# character constant:\000 \xhh

Can anyone please explain the usage of the character constant \000 and \xhh ie octal numbers and hexadecimal numbers in a character constant?

In C, strings are terminated by a character with the value zero (0). This could be written like this:

``````char zero = 0;
``````

but this doesn't work inside strings. There is a special syntax used in string literals, where the backslash works as an escape sequence introduction, and is followed by various things.

One such sequence is "backslash zero", that simply means a character with the value zero. Thus, you can write things like this:

``````char hard[] = "this\0has embedded\0zero\0characters";
``````

Another sequence uses a backslash followed by the letter `'x'` and one or two hexadecimal digits, to represent the character with the indicated code. Using this syntax, you could write the zero byte as `'\x0'` for instance.

EDIT: Re-reading the question, there's also support for such constants in base eight, i.e. octal. They use a backslash followed by the digit zero, just as octal literal integer constants. `'\00'` is thus a synonym for `'\0'`.

This is sometimes useful when you need to construct a string containing non-printing characters, or special control characters.

There's also a set of one-character "named" special characters, such as `'\n'` for newline, `'\t'` for TAB, and so on.

• What if you want to write "this\0has\00 chars" ? Would \00 be interpreted as one byte '\0' or as '\0', '0'? What's the limit of the length of an octal escape sequence? – strager Apr 16 '09 at 11:54
• @strager, don't know that one but you could use <"this\0has\0" "0 chars"> since C will just run them together. – paxdiablo Apr 16 '09 at 12:16
• but c will read only this from <"this\0has\00 chars">,as it will get the null value \0 which is the test condition for the end of any string. what do you mean by " you could write zero byte as '\x0' "? thanks for reply! – mawia Apr 16 '09 at 21:11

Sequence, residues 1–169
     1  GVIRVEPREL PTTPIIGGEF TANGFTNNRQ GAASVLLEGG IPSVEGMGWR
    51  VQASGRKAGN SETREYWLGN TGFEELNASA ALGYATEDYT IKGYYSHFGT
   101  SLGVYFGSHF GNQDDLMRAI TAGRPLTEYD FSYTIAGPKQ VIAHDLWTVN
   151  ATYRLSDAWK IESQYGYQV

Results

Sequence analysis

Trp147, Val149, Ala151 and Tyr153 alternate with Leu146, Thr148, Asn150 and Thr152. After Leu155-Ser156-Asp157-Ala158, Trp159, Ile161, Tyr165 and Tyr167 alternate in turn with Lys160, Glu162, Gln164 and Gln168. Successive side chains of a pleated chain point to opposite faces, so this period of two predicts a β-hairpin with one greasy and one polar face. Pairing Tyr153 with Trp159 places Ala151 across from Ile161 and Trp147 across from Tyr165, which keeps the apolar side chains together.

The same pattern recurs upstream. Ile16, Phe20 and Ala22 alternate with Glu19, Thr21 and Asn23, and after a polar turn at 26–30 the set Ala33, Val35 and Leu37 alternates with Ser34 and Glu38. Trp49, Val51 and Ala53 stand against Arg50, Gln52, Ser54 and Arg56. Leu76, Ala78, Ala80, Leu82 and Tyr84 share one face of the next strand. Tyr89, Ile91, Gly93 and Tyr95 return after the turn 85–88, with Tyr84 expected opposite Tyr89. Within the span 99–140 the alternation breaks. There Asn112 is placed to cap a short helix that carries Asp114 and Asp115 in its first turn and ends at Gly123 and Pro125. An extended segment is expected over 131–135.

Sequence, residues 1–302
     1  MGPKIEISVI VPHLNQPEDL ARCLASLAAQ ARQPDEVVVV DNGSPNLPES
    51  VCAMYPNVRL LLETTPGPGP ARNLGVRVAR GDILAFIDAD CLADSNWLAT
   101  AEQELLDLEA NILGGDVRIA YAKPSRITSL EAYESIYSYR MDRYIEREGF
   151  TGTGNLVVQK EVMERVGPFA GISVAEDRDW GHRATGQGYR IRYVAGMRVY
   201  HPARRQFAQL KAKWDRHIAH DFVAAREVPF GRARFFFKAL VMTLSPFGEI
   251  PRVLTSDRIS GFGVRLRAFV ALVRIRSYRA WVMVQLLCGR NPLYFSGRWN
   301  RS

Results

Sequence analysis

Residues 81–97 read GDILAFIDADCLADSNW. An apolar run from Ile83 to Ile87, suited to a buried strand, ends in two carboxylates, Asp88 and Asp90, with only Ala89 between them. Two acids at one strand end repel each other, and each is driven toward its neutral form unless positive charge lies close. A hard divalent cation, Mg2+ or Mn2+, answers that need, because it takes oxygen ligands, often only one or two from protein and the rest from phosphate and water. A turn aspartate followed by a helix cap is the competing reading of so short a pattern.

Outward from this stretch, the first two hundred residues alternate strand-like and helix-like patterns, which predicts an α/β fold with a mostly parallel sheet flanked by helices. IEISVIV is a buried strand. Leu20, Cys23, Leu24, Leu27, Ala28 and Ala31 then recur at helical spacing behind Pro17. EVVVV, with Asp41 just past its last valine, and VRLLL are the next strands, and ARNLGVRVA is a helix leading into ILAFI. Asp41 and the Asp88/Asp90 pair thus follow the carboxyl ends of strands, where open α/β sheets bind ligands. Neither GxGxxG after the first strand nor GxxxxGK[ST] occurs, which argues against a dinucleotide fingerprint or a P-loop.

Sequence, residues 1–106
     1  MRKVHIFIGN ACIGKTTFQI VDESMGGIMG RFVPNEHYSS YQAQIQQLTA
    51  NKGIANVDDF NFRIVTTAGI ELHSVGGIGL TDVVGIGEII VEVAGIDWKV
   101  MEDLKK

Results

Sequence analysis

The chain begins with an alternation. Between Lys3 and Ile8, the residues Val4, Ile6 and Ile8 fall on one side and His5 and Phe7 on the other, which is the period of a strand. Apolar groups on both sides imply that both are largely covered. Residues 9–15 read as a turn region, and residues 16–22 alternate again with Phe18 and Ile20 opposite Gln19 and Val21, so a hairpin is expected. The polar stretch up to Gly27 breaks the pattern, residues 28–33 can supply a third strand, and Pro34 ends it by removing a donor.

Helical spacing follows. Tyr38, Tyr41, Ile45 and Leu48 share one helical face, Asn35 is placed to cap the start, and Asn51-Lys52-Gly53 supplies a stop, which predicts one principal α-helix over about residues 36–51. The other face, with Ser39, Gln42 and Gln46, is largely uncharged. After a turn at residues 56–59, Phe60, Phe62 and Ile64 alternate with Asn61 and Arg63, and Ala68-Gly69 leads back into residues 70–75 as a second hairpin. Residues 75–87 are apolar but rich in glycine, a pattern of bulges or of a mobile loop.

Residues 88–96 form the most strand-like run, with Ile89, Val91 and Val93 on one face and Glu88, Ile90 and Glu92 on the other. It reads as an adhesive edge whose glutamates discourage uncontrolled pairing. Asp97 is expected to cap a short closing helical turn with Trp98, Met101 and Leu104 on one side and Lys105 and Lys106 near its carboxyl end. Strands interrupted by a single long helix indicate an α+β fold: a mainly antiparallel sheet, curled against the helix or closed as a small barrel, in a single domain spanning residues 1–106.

Those would be used to write otherwise nonprintable characters in the editor. For standard chars, that would be the various control characters, for wchar it could be characters not represented in the editor font.

For instance, this compiles in Visual Studio 2005:

``````    const wchar_t bom = L'\xfffe';     /* Unicode byte-order marker */
const wchar_t hamza = L'\x0621';   /* Arabic Letter Hamza */
const char start_of_text = '\002'; /* Start-of-text */
const char end_of_text = '\003';   /* End-of-text */
``````

Edit: Using octal character literals has an interesting caveat. Octal numbers can apparantly not be more than three digits long, which artificially restricts the characters we can enter.

For instance:

``````        /* Letter schwa; capital unicode code point 0x018f (octal 0617)
*               small unicode code point   0x0259 (octal 1131)
*/
const wchar_t Schwa2 = L'\x18f';    /* capital letter Schwa, correct */
const wchar_t Schwa1 = L'\617';     /* capital letter Schwa, correct */
const wchar_t schwa1 = L'\x259';    /* small letter schwa, correct */
const wchar_t schwa2 = L'\1131';    /* letter K (octal 113), incorrect */
``````

Octal is base 8 (using digits 0-7) so each digit is 3 bits:

\0354 = 11 101 100

Hexadecimal is base 16 (using digits 0-9,A-F) and each digit is 4 bits:

\x23 = 0010 0011

Inside C strings (char arrays/pointers), they are generally used to encode bytes that can't be easily represented.

So, if you want a string which uses ASCII codes like STX and ETX, you can do:

``````char *msg = "\x02Here's my message\x03";
``````